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Bodie Hadley heard the female voice over the pre-parade commotion and hoped she wasn’t addressing him. His human-ing skills weren’t the greatest on his best days anymore, and with today being the kick-off of the Pineville Rodeo in Pineville, Oregon, he’d been up since the butt-crack of dawn without an additional hit of caffeine. And now at ten a.m., Mr. Friendly Pants he was not.
“Hello up there. Excuse me?”
She was talking to him. Damn.
He took a deep breath of high desert air and shifted in his saddle. His horse, Dutch, flicked his ears, but otherwise remained motionless beneath him. “Yeah?” he said without looking down at yet another eager rodeo buckle bunny. He was supposed to be keeping an eye on his stock before they made their way down the town’s main drag, but the hypnotic up and down motion of Mary Jo’s bottom as she and the other rodeo royalty circled their mounts in front of him was, well, hypnotic.
“Would you mind moving your horse off my foot?”
Horror jolted through him in the split second before he brought his heels and hands up to send Dutch in a hop sideways away from the woman. He looked down, prepared to see his horse crushing some poor lady’s instep. Bodie blinked and pushed his hat back at the sight of Dutch’s parade-ready black hoof planted on the toe of a bright yellow shoe.
A three-foot-long, vibrant yellow shoe with fire engine-red laces. Clown shoes.
His hands tingled like he’d just reached the top fence rail as a bull’s horn breezed his britches. While certain the female clown the shoe belonged to hadn’t suffered any injury, he still nudged his horse over a step.
She smiled at him from under her red rubber nose. “Thanks. I hated to disrupt your enjoyment of Miss Udder Salve’s departure…” She set her huge rainbow wig a-bobbing by nodding toward the group of sequin-laden riders trotting in a circle before it was their turn to head down little Pineville’s Main Street.
Bodie snorted. “Dairy Queen. Newly crowned.”
“Good for her.” She sounded genuine despite her wisecrack. “I think I’m supposed to start down the parade route after the Butter Babes—”
He chuckled. Maybe not entirely genuine.
She frowned and looked behind her. “Though I don’t see the guys…”
Bodie only saw what had to be the sexiest clown on earth. All those little boys who grew up afraid of clowns were approaching the concept all wrong. Just the thought of what she might not have on under her armpit-high, white and red striped pants had him edging Dutch back toward her just in case the opportunity to peek down the hooped opening of her pants should present itself. Not that he would peek, but just in case. He was a guy after all. His Romeo days might have been over, but he couldn’t help basic biology.
Her white T-shirt was respectably—and annoyingly—loose and thick, probably to protect her shoulders from the wide black canvas suspenders holding her ridiculous britches up. But he sensed curves worth exploring.
Not by him, though.
Since the accident five years ago, despite his reputation, he hadn’t really been tempted by any woman, let alone one sporting a red rubber nose and a rainbow afro. But there was something about the large, world-weary tear painted at the corner of her big blue right eye that tugged at something deep in his scarred belly. He wanted to pluck off the goofy nose and kiss her silly.
Which would be about as smart as getting on the back of a bull again.
When she didn’t find who she was apparently looking for, she shrugged and returned her attention to him. Or, more accurately, the big gelding lazing beneath him. She gave his very unflappable horse a pat that turned to a scratch. Dutch shifted his weight toward her, and his muscular shoulder flexed, his hide twitching when she hit the sweet spot.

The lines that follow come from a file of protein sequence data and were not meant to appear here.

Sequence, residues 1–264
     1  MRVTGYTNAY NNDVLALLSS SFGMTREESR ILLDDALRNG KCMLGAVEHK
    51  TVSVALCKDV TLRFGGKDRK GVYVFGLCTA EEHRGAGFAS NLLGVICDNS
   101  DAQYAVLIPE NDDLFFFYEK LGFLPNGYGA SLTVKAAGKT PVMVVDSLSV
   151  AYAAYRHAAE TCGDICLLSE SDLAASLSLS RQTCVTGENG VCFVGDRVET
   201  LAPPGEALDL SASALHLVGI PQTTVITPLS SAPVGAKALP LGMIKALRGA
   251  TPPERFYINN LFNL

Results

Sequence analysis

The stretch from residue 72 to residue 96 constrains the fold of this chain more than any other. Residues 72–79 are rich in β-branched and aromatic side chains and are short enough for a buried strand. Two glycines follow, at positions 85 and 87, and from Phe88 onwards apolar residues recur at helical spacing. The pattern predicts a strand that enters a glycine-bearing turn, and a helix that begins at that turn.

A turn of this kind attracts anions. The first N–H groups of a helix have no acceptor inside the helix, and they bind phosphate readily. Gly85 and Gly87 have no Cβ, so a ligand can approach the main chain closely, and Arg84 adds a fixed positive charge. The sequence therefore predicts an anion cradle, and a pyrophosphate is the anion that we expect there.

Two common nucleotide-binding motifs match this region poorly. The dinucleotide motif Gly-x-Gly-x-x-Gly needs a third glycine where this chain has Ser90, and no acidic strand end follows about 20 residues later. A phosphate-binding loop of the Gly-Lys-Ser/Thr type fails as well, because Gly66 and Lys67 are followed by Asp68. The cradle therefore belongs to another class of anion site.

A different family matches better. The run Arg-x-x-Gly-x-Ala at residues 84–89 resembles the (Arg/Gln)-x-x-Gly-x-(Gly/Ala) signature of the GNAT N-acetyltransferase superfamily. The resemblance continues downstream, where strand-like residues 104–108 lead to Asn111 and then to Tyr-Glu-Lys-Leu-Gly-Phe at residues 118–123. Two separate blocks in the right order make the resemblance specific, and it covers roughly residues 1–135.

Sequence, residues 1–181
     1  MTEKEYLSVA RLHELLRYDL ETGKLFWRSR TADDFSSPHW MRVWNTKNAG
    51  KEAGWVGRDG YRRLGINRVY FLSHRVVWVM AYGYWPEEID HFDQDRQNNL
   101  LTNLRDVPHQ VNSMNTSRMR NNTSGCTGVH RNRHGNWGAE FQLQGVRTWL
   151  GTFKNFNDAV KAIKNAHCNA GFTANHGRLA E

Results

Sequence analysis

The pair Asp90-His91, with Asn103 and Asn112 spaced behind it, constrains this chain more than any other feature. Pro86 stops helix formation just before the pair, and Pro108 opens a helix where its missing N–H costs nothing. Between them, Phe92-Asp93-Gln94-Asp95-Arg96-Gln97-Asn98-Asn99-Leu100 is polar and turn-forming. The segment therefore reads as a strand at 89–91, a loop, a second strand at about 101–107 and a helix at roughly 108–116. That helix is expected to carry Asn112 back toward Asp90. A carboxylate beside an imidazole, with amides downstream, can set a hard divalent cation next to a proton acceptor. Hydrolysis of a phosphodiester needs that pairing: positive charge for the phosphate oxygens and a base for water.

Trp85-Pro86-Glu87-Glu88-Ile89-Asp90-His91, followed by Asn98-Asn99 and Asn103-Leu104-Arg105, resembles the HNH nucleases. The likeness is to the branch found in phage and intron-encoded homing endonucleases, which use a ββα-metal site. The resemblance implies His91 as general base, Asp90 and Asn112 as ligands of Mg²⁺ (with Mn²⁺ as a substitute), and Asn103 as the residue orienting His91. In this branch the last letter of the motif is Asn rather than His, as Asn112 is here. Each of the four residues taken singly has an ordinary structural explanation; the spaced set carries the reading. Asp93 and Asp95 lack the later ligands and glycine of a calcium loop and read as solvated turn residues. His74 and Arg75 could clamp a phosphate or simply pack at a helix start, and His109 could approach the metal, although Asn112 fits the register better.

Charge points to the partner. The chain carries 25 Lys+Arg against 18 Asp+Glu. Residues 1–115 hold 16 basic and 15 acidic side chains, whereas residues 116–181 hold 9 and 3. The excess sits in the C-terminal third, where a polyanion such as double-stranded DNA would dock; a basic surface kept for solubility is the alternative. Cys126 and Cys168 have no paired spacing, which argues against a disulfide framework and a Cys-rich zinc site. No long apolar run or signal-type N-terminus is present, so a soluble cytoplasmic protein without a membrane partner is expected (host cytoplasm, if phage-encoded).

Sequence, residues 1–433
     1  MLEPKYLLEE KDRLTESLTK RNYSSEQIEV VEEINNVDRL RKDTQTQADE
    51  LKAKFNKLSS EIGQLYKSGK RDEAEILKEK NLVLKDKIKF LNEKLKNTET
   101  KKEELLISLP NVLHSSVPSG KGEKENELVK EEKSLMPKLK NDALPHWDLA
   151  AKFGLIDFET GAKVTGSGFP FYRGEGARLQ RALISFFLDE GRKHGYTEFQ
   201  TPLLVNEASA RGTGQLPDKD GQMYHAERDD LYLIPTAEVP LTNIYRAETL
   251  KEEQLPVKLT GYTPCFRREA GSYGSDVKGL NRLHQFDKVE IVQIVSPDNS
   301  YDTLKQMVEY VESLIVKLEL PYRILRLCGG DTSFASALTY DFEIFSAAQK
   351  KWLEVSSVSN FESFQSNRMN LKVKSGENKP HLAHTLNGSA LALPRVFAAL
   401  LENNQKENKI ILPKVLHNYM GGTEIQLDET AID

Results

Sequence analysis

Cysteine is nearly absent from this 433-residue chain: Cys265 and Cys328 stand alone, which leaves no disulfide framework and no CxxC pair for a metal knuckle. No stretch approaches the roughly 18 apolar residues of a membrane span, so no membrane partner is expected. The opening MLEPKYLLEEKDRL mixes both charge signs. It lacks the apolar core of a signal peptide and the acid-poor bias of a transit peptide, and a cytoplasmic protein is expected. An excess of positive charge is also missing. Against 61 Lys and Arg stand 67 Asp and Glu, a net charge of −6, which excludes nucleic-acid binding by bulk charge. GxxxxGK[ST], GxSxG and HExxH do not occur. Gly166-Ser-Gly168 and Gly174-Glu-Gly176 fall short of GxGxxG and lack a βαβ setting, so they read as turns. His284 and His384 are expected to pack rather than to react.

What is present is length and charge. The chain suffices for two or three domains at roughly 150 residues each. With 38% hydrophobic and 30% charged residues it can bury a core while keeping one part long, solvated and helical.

She cooed at the big idiot. “Yes, I didn’t think I’d be going anywhere with such a strapping boy as you looking so comfortable standing on my shoe.”
Dutch turned and nuzzled her good.
Now his dang horse probably knew what she had on under those pants. Bodie shifted in the saddle again, unnerved by his sudden fixation on clown undergarments. He turned his attention to where his bulls were milling about in the temporary pens set up in the parking lot of Pineville’s lone supermarket at the end of Main Street.
Some bulls could be corralled together because the only fights they had to pick in this world were with the cowboys who climbed aboard their backs and tried to cling like tenacious ticks for eight long seconds. But others, such as Boomerang, wanted to fight everyone he made eye contact with. Man or beast. So Boomerang always had his own pen. And he was currently pawing a hole in the heat-softened asphalt to apparently make his break à la The Great Escape. He was a handful. Which was why he had his own mounted escort on parade day.
Bodie didn’t like to take chances.
Not anymore. Especially now that he had finally regained a spot on the rodeo circuits. Not as the top-twenty-ranked bull rider he’d once been, but as a stock contractor in his own right with his own bulls.
Knowing he didn’t want to have to pay for a pavement patch to Frank’s Groceries’ parking lot, Bodie caught the eye of Danny, Boomerang’s wrangler for today, and with nothing more than a hitch of his chin, conveyed the need to redirect the bull’s current fascination with digging an escape hole outta here.
As he watched Danny clamor over the metal pen rails, Bodie heard a nearby group of teenagers complain, “Where are the bulls? These are just a bunch of cows.”
He stifled a sigh and scratched at his short beard. Maybe the kids had skipped anatomy class. Or didn’t know that just because his bulls didn’t have horns, they didn’t buck any less. They were simply a little less deadly. Just a little.
“But I bet you can really move when you want to, can’t you?” His new favorite clown said and brought his attention back to her.
She was stroking Dutch’s shiny black cheek and the way her arm crossed over her chest, he couldn’t help but notice her cleavage. Clowns weren’t supposed to have cleavage. When she glanced up at him, he flinched at being caught checking out her chest. But she did have great cleavage.
“He has some Arabian in him, doesn’t he?” she asked.